The wealthiest people, banks and corporations have long avoided paying tax by hiding their assets in tax havens, outside their own countries. Many of these tax havens are so secret that even the banks themselves do not know who owns the accounts.
But now, a huge leak of secret documents has led a global network of journalists to expose the world’s richest tax evaders.
The leak to the (ICIJ) from an unknown source is said to be 160 times bigger than the amount of documents leaked to WikiLeaks. It consists of 2.5 million confidential documents of more than 120,000 companies.
The ICIJ, operating since 1997, is a network of 86 journalists from 46 countries who collaborate on investigative journalism. Their work has been published by news organisations around the world such as The Washington Post, The Guardian, the BBC, Le Monde, and Süddeutsche Zeitung.
Named in the first of their series of articles are individuals such as the wife of Russia’s vice-prime minister and the president of France Francois Hollande’s campaign treasurer. More stories are planned to be released throughout this year.
Based on the documents, the ICIJ estimates that half of all global trade passes through offshore tax havens, and contain a third of the world’s wealth. They estimate US$30 trillion is hidden in tax havens. This equals more than the net GDP of the world’s two largest economies.
Hollande responded to the stories by saying that they would increase efforts to fight offshore tax havens, and other global politicians have responded similarly. The ICIJ reports send a message to the world that openness and transparency is important.
ICIJ was created by US organisation The Centre for Public Integrity. This organisation was founded by individuals in the US such as former Wall Street billionaires and large companies like The Ford Foundation.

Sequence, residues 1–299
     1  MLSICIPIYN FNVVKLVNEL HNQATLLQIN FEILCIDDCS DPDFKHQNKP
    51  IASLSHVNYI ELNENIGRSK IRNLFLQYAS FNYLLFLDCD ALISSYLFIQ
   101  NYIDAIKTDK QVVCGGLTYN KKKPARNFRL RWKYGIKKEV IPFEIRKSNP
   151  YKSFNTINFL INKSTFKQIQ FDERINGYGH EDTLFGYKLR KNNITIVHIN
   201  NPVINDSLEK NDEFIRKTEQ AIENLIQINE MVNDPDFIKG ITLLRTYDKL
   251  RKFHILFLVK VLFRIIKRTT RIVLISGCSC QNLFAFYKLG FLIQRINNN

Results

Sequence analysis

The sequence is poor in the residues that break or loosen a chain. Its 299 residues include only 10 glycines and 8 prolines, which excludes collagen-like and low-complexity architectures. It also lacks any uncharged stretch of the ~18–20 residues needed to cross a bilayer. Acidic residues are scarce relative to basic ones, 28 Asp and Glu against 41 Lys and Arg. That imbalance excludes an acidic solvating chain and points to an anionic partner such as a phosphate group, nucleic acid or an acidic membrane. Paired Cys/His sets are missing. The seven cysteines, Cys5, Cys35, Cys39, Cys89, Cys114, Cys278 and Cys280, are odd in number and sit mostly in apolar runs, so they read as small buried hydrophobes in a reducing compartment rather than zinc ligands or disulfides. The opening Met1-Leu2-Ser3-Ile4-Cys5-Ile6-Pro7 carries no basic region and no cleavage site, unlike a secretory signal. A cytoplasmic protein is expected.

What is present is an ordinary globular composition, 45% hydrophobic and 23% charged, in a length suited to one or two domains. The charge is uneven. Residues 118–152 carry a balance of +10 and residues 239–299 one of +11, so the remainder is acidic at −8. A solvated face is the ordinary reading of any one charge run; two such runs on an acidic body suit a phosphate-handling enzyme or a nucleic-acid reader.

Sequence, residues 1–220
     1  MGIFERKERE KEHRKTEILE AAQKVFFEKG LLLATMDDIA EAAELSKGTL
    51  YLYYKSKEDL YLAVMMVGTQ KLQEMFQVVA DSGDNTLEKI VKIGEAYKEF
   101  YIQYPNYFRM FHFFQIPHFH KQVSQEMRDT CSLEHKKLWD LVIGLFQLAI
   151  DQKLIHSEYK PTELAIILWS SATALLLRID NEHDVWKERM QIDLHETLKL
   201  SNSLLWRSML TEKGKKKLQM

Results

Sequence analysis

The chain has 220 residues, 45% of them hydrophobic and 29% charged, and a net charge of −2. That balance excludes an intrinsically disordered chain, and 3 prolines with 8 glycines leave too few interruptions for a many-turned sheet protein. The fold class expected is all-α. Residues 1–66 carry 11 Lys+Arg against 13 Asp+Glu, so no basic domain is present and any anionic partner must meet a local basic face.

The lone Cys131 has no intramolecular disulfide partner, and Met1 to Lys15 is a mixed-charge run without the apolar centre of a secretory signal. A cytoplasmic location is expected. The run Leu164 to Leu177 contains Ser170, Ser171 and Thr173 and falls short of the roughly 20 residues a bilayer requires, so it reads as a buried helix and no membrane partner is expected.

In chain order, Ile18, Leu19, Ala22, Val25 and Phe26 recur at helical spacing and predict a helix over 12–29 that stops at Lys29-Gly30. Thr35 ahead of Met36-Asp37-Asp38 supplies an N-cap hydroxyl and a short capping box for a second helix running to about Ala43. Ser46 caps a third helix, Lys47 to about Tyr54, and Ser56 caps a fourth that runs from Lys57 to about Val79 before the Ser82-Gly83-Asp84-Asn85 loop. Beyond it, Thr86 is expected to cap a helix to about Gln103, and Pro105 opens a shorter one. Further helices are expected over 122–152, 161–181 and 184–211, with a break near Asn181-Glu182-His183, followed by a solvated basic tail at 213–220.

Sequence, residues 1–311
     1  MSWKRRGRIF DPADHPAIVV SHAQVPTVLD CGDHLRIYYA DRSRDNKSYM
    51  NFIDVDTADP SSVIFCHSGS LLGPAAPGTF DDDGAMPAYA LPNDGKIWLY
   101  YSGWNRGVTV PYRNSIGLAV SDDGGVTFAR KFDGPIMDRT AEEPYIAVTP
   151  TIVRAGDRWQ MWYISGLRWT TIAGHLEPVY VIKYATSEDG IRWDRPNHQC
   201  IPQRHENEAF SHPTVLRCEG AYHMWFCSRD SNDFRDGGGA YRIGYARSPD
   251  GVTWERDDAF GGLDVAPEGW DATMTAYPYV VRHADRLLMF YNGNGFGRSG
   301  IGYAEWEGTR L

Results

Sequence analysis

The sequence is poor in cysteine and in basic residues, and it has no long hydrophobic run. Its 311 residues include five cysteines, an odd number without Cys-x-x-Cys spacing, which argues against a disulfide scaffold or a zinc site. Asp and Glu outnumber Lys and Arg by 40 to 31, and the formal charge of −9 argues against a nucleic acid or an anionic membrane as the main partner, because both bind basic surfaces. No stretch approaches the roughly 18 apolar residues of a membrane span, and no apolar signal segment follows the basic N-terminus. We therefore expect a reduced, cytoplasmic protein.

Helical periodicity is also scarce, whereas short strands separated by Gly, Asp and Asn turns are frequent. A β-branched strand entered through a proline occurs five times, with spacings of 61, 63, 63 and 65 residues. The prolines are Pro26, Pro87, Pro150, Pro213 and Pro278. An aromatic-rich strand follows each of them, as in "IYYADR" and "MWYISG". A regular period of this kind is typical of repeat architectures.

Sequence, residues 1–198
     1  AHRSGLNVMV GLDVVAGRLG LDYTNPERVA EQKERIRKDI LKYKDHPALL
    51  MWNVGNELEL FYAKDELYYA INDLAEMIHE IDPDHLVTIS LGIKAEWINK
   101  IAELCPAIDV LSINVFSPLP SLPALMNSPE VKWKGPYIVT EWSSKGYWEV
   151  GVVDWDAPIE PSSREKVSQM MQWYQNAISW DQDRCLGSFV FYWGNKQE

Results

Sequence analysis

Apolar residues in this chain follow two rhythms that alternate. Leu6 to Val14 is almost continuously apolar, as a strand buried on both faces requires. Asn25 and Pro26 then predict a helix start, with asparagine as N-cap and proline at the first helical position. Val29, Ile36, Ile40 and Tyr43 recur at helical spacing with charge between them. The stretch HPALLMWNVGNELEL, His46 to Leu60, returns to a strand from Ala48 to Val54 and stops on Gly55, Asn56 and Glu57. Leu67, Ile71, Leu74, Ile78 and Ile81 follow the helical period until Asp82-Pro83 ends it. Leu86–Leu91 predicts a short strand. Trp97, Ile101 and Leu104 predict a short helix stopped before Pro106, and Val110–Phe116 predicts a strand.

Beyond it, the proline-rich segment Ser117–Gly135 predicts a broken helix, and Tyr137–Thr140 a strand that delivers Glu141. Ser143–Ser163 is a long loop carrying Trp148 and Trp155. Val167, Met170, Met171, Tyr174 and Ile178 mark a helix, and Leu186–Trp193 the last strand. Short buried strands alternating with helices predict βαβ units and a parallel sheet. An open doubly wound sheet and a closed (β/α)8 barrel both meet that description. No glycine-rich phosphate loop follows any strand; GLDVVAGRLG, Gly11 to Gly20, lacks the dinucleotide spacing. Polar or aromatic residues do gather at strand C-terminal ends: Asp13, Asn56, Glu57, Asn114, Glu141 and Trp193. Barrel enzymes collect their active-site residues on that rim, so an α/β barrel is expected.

Unlike WikiLeaks, the ICIJ does not publish the leaked documents in their entirety, a decision WikiLeaks called an act of cowardice. WikiLeaks started this practice as part of its commitment to transparency and openness, so the public can read the information for themselves.
ICIJ responded to this on its website referring to alleged “legal, journalistic, and technical issues” before it can reveal the leaks to the public.
Although tax havens are legal, they do great damage to the world.
Offshore tax havens have a crucial impact in furthering global poverty. In 2009, the Debt and Development Coalition Ireland (DDCI) accused Irish band U2 of avoiding tax in Ireland by moving their business to the Netherlands where they would qualify for lower taxes. At the same time, Ireland’s government implemented severe austerity measures, including reducing government spending and cuts to welfare and public sector wages.
DDCI says on its website: “Every year countries in the global South lose at least US$160 billion because of tax evasion by multi-national corporations. If this immoral transfer of wealth from the Global South to the North was ended, the lives of 350,000 children under the age of 5 could be saved each year.”
Rising inequalities and unequal distribution of the world’s total wealth is one of the main drivers of global poverty. The widening gap between the world’s rich and the poor can be addressed through preventing illicit financial flows from happening in most of the world’s poorer countries.
Since the World Food Summit in Rome in 1996, it is estimated the number of the world’s chronically undernourished has risen from 788 million to over 1 billion in 2009.
In light of such a development, the flow of wealth from poor countries into tax havens should be seen as a structural injustice that needs to be addressed. The work of ICIJ can help bring attention to this problem by making financial dealings transparent.
Today, banks are under legal pressure to report any funds related to terrorism or drug trafficking, but secrecy laws permit them to accept stolen funds. This is a global and legal form of corruption.
Corporations are also under legal protection to avoid paying taxes in the countries from where they extract, produce and sell manufactured goods. This global systematic failing allows corporations to concentrate their profits in countries where they are taxed the least.
Not only do these companies, corrupt officials and wealthy private investors enrich themselves, they greatly worsen poverty worldwide.